Did You Steal That? Copyright and Trademark Basics

You’ve seen this done before, right? A small business or company sees something online that they really like, it fits in with their brand image and audience, and they think, “I can totally use that!” So, they grab a screenshot, download it, change a couple of things like taking the logo off the original image and then put theirs on, and voilà! Share it.

Guess what? That’s theft. They’ve stolen the work of someone else and passed it off as their own. Intellectual property theft is theft.

Copyright and Trademark: The Basics

Many of us don’t necessarily think much about it. With the “Wild West” feel of the internet, it seems like a free-for-all. What’s the big deal? You grabbed a picture or meme from someone else’s page and dressed it up with your logo or a few words. A flower is a flower, a beach scene is a beach scene, right?

Not really. There are two basic rights centered around this discussion. Copyright and Trademark. Copyright is the protection of original works and/or authorship. This includes artwork, photography, computer software, books, movies, songs, etc. Generally speaking, if you created it, you own the copyright. If you take someone else’s original work and add a few words to it, in most cases that doesn’t transfer ownership to you. In other words: you’re not supposed to do that.

Trademarks are a little more specific – trademarks protect a word, phrase, or design that differentiates it as the source of particular goods. It’s called a “source indicator.” For example, you know the Pepsi logo is Pepsi and the Coke logo is Coke.

(Source: eMediaLaw.com)

The Digital Millennium Copyright Act

With the passage of the Digital Millennium Copyright Act in 1998, it became illegal to “circumvent technological measures that block access to copyrighted works and to distribute false information about a work such as the identity of its author and conditions for use.” The provisions are as follows:

    • Provide false copyright management information;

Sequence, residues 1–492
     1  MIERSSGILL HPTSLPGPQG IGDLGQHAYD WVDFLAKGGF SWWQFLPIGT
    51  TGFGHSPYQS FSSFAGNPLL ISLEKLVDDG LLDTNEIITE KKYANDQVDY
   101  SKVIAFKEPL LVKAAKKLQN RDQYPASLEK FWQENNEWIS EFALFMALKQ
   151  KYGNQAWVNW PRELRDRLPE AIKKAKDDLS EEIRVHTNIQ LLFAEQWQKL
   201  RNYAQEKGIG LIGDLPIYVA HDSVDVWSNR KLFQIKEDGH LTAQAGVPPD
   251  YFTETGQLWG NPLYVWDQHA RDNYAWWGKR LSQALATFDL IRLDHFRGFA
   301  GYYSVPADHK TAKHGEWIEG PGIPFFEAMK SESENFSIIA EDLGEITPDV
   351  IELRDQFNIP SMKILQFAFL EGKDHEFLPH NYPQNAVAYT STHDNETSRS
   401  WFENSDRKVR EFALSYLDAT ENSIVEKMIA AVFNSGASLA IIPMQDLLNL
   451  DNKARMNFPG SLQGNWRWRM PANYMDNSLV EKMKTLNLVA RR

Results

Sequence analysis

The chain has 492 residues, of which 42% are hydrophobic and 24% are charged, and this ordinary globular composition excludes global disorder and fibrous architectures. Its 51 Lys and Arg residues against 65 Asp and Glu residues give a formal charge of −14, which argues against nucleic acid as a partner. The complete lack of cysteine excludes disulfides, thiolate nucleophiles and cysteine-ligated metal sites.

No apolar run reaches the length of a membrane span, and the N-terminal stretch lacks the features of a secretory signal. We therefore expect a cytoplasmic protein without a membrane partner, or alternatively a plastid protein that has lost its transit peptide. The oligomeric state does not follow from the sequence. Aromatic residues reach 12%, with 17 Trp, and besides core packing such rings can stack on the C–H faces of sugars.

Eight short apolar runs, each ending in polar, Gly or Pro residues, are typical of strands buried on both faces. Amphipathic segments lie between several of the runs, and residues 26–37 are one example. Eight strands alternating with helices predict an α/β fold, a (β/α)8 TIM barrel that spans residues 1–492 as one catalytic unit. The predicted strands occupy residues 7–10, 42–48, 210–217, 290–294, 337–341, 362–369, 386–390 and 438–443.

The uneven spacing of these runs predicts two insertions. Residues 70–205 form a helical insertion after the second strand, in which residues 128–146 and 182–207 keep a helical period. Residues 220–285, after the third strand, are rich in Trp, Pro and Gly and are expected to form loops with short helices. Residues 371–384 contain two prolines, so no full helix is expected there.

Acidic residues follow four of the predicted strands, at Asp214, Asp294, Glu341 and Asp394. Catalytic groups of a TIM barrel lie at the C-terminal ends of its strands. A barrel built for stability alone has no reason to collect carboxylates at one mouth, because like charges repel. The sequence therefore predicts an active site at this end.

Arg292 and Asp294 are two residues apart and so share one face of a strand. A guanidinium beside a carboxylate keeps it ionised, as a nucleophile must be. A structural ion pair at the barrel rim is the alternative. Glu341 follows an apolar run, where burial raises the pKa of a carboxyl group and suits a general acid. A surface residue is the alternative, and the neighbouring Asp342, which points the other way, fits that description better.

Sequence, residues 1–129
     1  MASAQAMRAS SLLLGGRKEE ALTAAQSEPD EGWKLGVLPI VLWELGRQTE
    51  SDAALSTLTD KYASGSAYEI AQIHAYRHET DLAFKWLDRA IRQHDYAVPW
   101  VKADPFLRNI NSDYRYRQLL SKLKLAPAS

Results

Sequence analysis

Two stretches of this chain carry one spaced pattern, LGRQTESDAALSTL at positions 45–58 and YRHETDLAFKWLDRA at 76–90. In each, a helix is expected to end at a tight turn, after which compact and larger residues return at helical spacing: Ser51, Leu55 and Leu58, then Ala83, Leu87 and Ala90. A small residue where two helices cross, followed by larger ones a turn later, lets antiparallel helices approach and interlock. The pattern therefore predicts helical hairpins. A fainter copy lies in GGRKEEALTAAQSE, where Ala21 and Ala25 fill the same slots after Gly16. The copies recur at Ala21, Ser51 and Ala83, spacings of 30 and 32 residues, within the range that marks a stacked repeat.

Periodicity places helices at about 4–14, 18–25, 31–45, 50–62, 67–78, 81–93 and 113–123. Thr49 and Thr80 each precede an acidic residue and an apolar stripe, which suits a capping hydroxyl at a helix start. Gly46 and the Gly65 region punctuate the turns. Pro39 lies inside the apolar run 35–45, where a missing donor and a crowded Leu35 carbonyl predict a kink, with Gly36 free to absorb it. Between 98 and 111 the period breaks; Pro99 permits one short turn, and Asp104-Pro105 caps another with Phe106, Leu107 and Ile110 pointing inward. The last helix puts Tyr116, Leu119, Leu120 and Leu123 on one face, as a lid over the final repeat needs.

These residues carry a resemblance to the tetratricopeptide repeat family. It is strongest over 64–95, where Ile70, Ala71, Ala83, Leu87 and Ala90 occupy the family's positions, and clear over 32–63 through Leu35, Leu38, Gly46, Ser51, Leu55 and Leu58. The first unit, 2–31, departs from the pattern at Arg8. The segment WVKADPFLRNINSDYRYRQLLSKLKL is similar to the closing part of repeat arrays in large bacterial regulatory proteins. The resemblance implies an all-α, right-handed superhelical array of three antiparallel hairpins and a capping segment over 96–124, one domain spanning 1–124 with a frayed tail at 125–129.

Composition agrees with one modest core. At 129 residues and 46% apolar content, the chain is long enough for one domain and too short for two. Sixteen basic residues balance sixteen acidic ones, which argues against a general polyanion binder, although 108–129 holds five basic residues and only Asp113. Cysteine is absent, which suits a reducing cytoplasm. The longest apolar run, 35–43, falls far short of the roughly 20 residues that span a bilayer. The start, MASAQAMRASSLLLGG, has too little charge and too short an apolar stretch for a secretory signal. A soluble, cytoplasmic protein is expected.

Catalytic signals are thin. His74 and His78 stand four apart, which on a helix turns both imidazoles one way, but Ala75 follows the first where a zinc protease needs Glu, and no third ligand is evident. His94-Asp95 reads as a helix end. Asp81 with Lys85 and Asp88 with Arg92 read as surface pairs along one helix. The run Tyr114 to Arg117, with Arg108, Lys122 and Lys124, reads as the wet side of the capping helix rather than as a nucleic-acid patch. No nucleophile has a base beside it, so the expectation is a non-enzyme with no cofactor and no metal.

• Distribute or import for distribution false copyright management information;
    • Remove or alter copyright information or
    • Distribute or import for distribution works containing known alterations of copyright management information. (source: FindLaw.com)

This explains why you can’t cut the logo off a picture you like and put your own on it.

What About Fair Use?

What about that funny meme picture you see all the time? That gets shared over and over again, who owns those?

Enter: Fair Use. The term gets tossed around this conversation as well. Here’s the skinny on it:

Fair Use stipulates that if you are using the meme for commercial purposes, such as advertising, sales, or other promotional purposes that you are potentially profiting from, you may find yourself in hot water legally speaking.

Getty Images is an excellent example of a company that vigorously defends and protects their content creators from the unlawful use of their work. Trust me when I tell you, you don’t want to get a notice from Getty Images informing you that you owe them $14,000 for your use of an image you thought you had the rights to use on your home page. (True story!)

The Right Thing to Do

But, you really like that picture and want to use it. What can you do?

  1. Do a little digging – can you find the original owner of the image? There are tools online you can use to search for the copyright holder such as PicScout Image Search. If you find them, have they published their licensing information?
  2. Ask. If you find the owner, reach out and ask. In many instances, a simple link or attribution (credit) is all they request for your use of the image.
  3. Familiarize yourself with Creative Commons licenses. There are many content creators who provide free use of their work with proper credit that they determine. Sites that have Creative Common images available include Flickr, Wikipedia, and Internet Archive.
  4. Go Vintage! Most copyrights expire after 70 years, and the Library of Congress website is chock-full of fantastic old photos and vintage advertisements that are free to use.
  5. Subscribe to stock photo sites and create your own! A wonderful free stock photo site we use is Unsplash.

Don’t Cheat

We always advise clients to err on the side of credit. There’s an ethical situation surrounding this conversation, and taking another person’s idea and passing it off as your own isn’t cool. It’s like cheating on a math test. Tempting, but don’t do it.